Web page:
ABSTRACT: Most research on return-to-work (RTW) has focused on musculoskeletal disorders. To study RTW in employees sick-listed with common mental disorders (CMD), e.g., stress, depression, and anxiety, the National Research Centre for the Working Environment initiated a study on ''Common Mental Disorders, Return-to-work, and Long-term Sickness Absence'' (CORSA). The aim of the study is (1) to identify predictors of RTW from the environmental, the individual, and the health-related domain and (2) to explore the RTW process based on study participants' experiences. The purpose of this paper is to present the study design and the characteristics of the participants, including analyses on non-response and the prevalence of major depression. CORSA is a mixed-method follow-up study encompassing quantitative and qualitative analyses in a cohort of employees sick-listed with CMD. Participants were all employees who suffered from CMD and whose applications for sickness absence benefits were processed by the Job Centre Copenhagen (a subunit of the municipality) between July and December 2007 (n = 721). Data on predictors for RTW were collected from (1) administrative application forms filled out by all participants when applying for benefits (n = 721), and (2) baseline questionnaires sent to all participants (responders: n = 298). Data on RTW was retrieved from a national sickness absence registry and from 6-month follow-up questionnaires (n = 226). To explore the RTW process we will primarily use data from in-depth interviews with selected participants (n = 16) supplemented with data from the two questionnaires. The mixed method design allows for a more comprehensive understanding of RTW by triangulating qualitative and quantitative methods.Scandinavian Journal of Public Health 12/2010; 38(8):864-72. · 1.39 Impact Factor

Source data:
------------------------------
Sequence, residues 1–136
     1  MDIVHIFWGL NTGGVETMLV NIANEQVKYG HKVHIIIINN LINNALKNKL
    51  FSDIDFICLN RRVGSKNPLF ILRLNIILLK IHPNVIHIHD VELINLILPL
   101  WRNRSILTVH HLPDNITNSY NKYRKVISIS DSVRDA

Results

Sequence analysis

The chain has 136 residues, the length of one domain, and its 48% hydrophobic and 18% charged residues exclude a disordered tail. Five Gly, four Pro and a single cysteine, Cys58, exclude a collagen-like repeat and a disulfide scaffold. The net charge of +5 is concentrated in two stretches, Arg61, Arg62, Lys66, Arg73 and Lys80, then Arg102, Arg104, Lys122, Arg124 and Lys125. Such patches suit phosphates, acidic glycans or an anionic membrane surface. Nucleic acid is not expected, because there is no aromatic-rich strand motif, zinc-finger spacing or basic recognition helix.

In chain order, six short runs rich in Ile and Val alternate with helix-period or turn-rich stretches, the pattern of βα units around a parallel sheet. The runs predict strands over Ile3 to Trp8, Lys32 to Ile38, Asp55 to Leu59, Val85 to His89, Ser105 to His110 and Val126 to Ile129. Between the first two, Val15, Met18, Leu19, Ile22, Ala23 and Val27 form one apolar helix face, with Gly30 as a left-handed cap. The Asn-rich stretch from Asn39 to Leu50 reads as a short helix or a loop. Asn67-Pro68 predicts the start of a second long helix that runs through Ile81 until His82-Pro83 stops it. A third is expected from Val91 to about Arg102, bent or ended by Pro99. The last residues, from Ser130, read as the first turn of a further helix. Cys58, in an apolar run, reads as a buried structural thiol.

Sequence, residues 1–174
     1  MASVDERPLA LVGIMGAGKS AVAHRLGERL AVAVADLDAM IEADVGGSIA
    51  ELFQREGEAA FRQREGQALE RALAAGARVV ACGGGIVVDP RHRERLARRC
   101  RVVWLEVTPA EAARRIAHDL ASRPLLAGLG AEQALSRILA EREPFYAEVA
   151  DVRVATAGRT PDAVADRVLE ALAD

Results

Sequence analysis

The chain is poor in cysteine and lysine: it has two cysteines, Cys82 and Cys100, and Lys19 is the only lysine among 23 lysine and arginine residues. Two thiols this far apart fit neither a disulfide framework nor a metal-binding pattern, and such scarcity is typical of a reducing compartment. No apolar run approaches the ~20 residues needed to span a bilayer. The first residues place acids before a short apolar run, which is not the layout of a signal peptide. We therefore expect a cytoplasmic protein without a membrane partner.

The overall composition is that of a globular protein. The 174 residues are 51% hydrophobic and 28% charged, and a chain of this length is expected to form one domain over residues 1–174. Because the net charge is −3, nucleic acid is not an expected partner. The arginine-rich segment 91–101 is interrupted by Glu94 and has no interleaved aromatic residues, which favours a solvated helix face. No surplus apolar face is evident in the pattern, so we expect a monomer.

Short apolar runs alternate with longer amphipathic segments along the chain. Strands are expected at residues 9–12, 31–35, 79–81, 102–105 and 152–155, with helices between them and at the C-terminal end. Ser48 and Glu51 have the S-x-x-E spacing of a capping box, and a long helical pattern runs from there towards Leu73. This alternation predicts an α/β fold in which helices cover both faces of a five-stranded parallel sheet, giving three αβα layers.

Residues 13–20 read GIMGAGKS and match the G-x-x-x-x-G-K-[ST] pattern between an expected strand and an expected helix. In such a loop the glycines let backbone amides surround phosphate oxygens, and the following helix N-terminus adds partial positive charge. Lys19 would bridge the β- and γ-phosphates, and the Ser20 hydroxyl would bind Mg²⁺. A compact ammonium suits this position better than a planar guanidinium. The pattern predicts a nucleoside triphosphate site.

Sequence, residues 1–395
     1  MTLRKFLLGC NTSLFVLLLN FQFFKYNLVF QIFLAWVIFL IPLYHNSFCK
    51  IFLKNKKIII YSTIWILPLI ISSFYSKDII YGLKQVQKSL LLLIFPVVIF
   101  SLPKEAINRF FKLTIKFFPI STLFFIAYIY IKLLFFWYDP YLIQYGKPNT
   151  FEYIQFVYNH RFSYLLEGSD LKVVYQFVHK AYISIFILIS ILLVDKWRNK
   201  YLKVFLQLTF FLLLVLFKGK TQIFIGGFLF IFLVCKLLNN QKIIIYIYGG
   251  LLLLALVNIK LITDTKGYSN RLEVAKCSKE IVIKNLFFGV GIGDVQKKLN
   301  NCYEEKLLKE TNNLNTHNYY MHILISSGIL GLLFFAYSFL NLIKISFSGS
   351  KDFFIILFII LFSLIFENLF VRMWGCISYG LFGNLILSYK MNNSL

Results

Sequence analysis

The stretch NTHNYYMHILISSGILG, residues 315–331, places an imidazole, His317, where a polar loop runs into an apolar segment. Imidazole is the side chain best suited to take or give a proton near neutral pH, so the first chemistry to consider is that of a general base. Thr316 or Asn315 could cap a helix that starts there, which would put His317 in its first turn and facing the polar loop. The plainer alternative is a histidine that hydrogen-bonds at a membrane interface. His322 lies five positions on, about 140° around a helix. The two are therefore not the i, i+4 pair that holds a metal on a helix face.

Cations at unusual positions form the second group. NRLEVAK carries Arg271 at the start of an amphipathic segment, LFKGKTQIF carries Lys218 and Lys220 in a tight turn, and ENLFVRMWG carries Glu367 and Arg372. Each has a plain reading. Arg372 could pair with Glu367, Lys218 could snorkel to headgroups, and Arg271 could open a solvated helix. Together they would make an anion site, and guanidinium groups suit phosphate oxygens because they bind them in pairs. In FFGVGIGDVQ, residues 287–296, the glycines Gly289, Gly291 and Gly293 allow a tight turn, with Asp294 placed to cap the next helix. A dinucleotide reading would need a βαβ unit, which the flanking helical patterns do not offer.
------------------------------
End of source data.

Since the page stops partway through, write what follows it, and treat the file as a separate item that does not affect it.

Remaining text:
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ABSTRACT: Denmark offers COPD rehabilitation to enable patients to tackle the consequences of COPD, but only a minority of the patients complete these programs. To increase the completion rate, an follow-up study was performed, to characterize COPD patients and to identify potential differences between those who complete and those who do not complete rehabilitation or do not even get a rehabilitation offer in daily clinical routine. In- and out COPD-patients who participated in baseline tests were compared in terms of completion of rehabilitation, drop-out, and no rehabilitation offer. We obtained data on basic characteristics, co-morbidity, lung-function (FEV1), dyspnea (MRC), six-minute walkg-distance (6MWD), and quality of life (SF36). The source population counted 521 COPD patients of whom 256 were excluded (diagnosis withdrawn, death, moved away, long-term oxygen, severe illness). Patients who completed rehabilitation had a 15% longer 6MWD than patients not offered rehabilitation and a 10% longer 6MWD than drop-outs despite a significant lower subjective perception of physical function among completers than in the two other groups. Patients not offered rehabilitation had a slightly better lung function than the other two groups. This suggests that lower physical performance with the same (drop-outs) or even higher (not offered) lung function indicates a lower chance of completion. COPD patients who could potentially benefit most from completing rehabilitation seem to be deselected. A mere 9% completed rehabilitation within the study period and 23% ever completed. This demonstrates that the political target that 60% of COPD patients should be offered rehabilitation is still far away.The Clinical Respiratory Journal 02/2011; 5(4):235-44. · 1.06 Impact Factor